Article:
Gold prices have risen this year. The allure of the precious metal exceeds its inherent value, but it will always be worth more than currencies affected by high debt and hyper-inflation. In the future, that may include the US dollar.

Gold has fascinated humankind for centuries. It is a source of beauty and used as an adornment, but it is also one of the world’s oldest currencies. When the Spanish conquistadores met the Aztec and Inca leaders in the 16th century, one common point was a shared veneration for this precious metal, which retains an almost mystical hold over many people’s imaginations.

Central banks have deposits of gold, and there have been attempts to link paper currencies to a gold standard at times over the past century.

For investors, it is a safe, ultra-cautious asset. Unlike bonds, it does not have an interest rate yield. Unlike equities, it does not pay out dividends. But sometimes a paper currency and a listed company end up being worth nothing. The demand for gold is therefore a hedge against times of upheaval and uncertainty.

It is therefore not surprising that in this age of conflict and superpower rivalry, demand for gold, and hence its price, has risen – up from below $2,000 per ounce during 2023 to around $2,300 by mid-April.

Gold is the metal used for most wedding rings and other jewellery. It has some industrial applications: used in tiny amounts for circuits in electronic devices including smartphones – it is an efficient conductor of electricity and very slow to corrode. But market prices tend to be above what might be considered the value based on utility.

Purchases of gold are often seen as a hedge against inflation, but prices were subdued during the high inflation of 2022 and only started to rise this year, after inflation has fallen. And there is no correlation between the gold price and purchases of gold through exchange-traded funds (ETFs), the usual route through which citizens and some institutional investors to buy gold through brokerage accounts.

An analysis in The Economist identified three categories of buyers behind the rise in the price this year: central banks, major institutions such as mutual funds, and ordinary citizens, including in the US.

China’s central bank has raised its share of reserves held in gold from 3.3% at the end of 2021 to 4.3%. In March this year it added 160,000 ounces of gold, worth $384mn. A likely additional motive for China is to guard against potential sanctions against its banks by the US, such as those that have been imposed on Russia following the Ukraine invasion of 2022. It has developed an alternative bank settlement system to the global Swift system – from which Russia has been barred.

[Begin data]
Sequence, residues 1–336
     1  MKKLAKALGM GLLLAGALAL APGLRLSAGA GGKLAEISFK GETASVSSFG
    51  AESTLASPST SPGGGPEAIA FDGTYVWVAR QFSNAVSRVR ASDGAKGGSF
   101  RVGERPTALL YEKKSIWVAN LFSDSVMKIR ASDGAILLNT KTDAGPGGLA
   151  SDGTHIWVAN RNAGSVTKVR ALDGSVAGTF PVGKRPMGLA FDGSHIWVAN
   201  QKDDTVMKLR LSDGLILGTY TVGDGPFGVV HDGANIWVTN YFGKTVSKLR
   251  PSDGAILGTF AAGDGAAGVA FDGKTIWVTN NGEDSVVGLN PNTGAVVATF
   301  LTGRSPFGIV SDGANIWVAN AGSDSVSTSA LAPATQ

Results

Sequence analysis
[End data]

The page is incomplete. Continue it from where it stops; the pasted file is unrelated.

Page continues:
The Qatar Central Bank has also boosted its gold reserves, rising threefold since 2019, from QR7.5bn by value to more than QR24bn by 2023. Between 2000 and 2023 Qatar’s average gold reserves were 21.35 tonnes; by the fourth quarter of 2023 they reached 100.95 tonnes.

The motive behind some institutional investors appears to be a hedge against inflation returning and major upheaval in the future. This is a long-term hedge, explaining why the gold price does not rise in synch with short-term inflation trends.

A more fascinating trend is the rising retail purchases of gold by consumers. Until recently, such purchases were in emerging economies with a record of depreciating currencies. In August last year the major retailer Costco in the US began selling one ounce bars of real gold, at $2,000 each. It sold out immediately, and restocked. An estimate from the bank Wells Fargo is that US citizens are purchasing $100mn-$200mn-worth of gold bars each month from Costco. This is highly significant. It is a sign of declining confidence by many US citizens in their currency and their governing institutions.

The constituencies buying gold share a common perspective: long-term pessimism about the global economy in general, and the US currency in particular. Since President Nixon ended the link between the dollar and gold reserves in 1971, the economic world has trusted the US authorities to maintain a hard currency, a trust that appears to be weakening.

The US debt and deficit are not on a sustainable path. The US Congressional Budget Office projections indicate that the debt-to-GDP ratio is set to break the 100% mark within a year or so, and could reach 172% by 2054.

The Federal Reserve is likely ultimately to be forced to cut interest rates and permit inflation, and once this occurs, the dynamics are unpredictable.

The author is a Qatari banker, with many years of experience in the banking sector in senior positions.
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